First, I would like to thank you for helping raise awareness of the 2017 NEC article 690.12 requirement for module level rapid shutdown. I volunteer for the California Solar and Storage Association as Codes/Standards Committee chair. Recently, I have fielded many questions from CALSSA members trying to understand the new module level rapid shutdown requirements that took effect January 1, 2020. This new code requirement is of particular interest to commercial rooftop PV system installers that previously avoided module level rapid shutdown due to the added cost and complexity.
There are two different certifications for rapid shut down of rooftop PV installations: 1) UL 1741 PV Rapid Shutdown System (PVRSS) for “Systems” and 2) UL 1741 PV Rapid Shutdown Equipment (PVRSE) listing for “Equipment”. NEC 690.12(D) states that “Equipment that performs the rapid shut down functions, other than initiation devices such as listed disconnect switches, circuit breakers, or control switches, shall be listed for providing rapid shut down protection.” Both listings are sufficient to comply with code, but which one your device is listed to depends on the manner of operation.
1) UL 1741 PV Rapid Shutdown System (PVRSS) listing
This listing pertains to RSD devices used with inverters that are evaluated “AS A SYSTEM”. This type of listing is required whenever the RSD device uses “power-line communications” to detect a shutdown command. There have been problems with some of these systems where arc fault detection has interfered with the transmission and actuation of the shutdown signal due to electrical noise on the power line. These problems are being addressed by several inverter manufacturers, and newer firmware for RSDs and inverters have been introduced to fix these problems. As a result, it is highly advisable that any RSD that operates from power-line communications be listed as an approved option for the chosen inverter to prevent these known problems from causing the RSD to not operate properly.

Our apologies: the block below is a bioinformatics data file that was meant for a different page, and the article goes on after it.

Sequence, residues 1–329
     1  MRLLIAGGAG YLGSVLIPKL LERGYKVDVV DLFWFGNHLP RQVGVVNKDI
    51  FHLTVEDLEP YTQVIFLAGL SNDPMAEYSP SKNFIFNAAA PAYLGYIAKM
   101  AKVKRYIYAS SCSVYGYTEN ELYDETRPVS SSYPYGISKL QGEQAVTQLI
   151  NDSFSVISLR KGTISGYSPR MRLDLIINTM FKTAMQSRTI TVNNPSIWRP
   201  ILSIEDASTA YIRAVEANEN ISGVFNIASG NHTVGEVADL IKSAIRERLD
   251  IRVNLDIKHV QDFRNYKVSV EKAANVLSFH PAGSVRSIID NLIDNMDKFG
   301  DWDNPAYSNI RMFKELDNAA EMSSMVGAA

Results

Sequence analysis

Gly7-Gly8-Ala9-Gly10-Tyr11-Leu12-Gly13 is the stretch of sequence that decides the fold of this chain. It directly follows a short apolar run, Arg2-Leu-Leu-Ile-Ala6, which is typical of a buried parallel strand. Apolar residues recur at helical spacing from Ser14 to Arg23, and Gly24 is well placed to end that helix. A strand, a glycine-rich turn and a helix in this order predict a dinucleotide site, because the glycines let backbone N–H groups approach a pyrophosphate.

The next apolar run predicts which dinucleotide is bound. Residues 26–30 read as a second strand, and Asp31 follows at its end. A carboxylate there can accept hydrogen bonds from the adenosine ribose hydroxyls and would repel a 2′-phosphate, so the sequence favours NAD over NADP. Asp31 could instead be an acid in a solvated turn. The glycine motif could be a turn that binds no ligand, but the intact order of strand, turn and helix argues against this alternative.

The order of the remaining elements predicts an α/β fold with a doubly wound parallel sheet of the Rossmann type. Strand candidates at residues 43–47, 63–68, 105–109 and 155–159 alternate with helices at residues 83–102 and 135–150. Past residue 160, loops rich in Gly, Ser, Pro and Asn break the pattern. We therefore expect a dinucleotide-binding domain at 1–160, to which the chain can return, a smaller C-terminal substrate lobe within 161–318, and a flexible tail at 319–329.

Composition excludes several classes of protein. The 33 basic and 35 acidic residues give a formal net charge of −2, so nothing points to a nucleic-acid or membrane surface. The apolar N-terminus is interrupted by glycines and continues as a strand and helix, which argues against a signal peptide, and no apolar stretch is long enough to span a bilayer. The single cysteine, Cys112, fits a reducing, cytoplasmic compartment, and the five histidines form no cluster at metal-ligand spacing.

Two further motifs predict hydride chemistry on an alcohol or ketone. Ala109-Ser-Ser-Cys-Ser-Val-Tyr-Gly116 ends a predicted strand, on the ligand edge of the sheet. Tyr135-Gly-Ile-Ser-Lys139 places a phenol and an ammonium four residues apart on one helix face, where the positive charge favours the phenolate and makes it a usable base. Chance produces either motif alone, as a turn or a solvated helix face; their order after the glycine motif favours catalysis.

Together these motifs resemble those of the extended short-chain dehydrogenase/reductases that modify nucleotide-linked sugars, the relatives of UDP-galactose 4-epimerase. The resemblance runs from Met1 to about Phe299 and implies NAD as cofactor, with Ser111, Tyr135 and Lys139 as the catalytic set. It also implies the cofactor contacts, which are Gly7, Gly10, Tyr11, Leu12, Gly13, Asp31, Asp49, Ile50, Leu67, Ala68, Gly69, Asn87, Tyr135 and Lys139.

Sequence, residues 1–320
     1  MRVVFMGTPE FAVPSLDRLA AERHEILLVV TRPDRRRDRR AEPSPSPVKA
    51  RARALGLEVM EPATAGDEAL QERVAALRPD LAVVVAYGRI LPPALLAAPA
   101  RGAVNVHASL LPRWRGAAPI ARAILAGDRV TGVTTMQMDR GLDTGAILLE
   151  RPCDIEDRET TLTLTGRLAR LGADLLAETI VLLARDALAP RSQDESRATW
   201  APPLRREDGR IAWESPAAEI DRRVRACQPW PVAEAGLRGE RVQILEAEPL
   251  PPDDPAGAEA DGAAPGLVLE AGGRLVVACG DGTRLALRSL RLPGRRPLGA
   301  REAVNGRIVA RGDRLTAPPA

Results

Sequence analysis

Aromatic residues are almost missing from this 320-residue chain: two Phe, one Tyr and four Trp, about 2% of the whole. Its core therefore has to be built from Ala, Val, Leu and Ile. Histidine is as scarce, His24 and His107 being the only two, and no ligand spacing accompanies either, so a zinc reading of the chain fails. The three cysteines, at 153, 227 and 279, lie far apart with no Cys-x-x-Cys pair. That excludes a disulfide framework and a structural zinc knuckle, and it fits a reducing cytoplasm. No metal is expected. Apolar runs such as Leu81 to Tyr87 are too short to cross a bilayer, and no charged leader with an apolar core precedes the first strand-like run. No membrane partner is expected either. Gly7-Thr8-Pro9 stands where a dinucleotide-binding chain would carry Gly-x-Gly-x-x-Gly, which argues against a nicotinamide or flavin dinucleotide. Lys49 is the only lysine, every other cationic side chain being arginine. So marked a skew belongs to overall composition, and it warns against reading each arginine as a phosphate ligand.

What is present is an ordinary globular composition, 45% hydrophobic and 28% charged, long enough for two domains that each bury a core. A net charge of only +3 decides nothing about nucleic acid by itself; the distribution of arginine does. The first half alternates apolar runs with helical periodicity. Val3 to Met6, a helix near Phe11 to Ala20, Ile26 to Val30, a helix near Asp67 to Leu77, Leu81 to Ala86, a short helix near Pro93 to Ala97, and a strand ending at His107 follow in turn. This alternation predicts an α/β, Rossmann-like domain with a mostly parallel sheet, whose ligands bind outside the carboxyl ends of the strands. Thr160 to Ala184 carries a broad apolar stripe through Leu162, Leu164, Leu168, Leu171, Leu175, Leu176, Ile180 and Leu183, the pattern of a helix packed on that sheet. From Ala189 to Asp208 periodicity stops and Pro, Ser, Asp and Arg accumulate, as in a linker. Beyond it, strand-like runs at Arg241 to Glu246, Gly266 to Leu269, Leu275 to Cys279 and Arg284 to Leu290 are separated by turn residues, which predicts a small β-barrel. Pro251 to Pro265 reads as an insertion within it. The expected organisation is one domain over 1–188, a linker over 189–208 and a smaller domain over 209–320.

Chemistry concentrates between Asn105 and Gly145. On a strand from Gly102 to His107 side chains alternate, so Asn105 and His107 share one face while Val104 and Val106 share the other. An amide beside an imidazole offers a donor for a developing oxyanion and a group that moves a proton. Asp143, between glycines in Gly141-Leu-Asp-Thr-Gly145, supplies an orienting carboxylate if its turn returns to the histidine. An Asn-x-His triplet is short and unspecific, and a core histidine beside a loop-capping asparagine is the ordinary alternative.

2) UL 1741 PV Rapid Shutdown Equipment (PVRSE) listing
Some RSD solutions only require a PVRSE listing. This includes RSD devices that DO NOT use “power-line communications” to instruct the RSD to turn off. One example is the Fire Raptor from IMO which uses a powered 24 V DC electrical circuit connected to each and every RSD device attached to a module. Whenever the 24 V circuit loses power, like when you initiate the shutdown button, the power to the RSD devices is cut and that switches each module off. This is a simple and reliable approach that is immune to power line noise problems and works with virtually any inverter. There is no need for a PVRSS “System” listing for this type of RSD solution. The PVRSE “Equipment” listing is all that is needed to meet code requirements. The only negatives to a powered circuit RSD solution is you have to run a couple extra wires (small gauge) to power the 24 V circuit, and this 24 volt circuit consumes 5-10 watts of power. Minor problems, but worth mentioning.
So to summarize, PVRSS certification for “Systems” is needed when using RSD devices that use power-line communications. RSD devices that use a powered circuits like the IMO Fire Raptor, DO NOT need a PVRSS “Systems” certification and are able to be used for code compliance if they have a PVRSE “Equipment” listing.
Thanks again for helping raise awareness of the options, particularly for commercial rooftop PV installers that are now being unhappily thrust into the reality of module level rapid shutdown via 2017 NEC 690.12.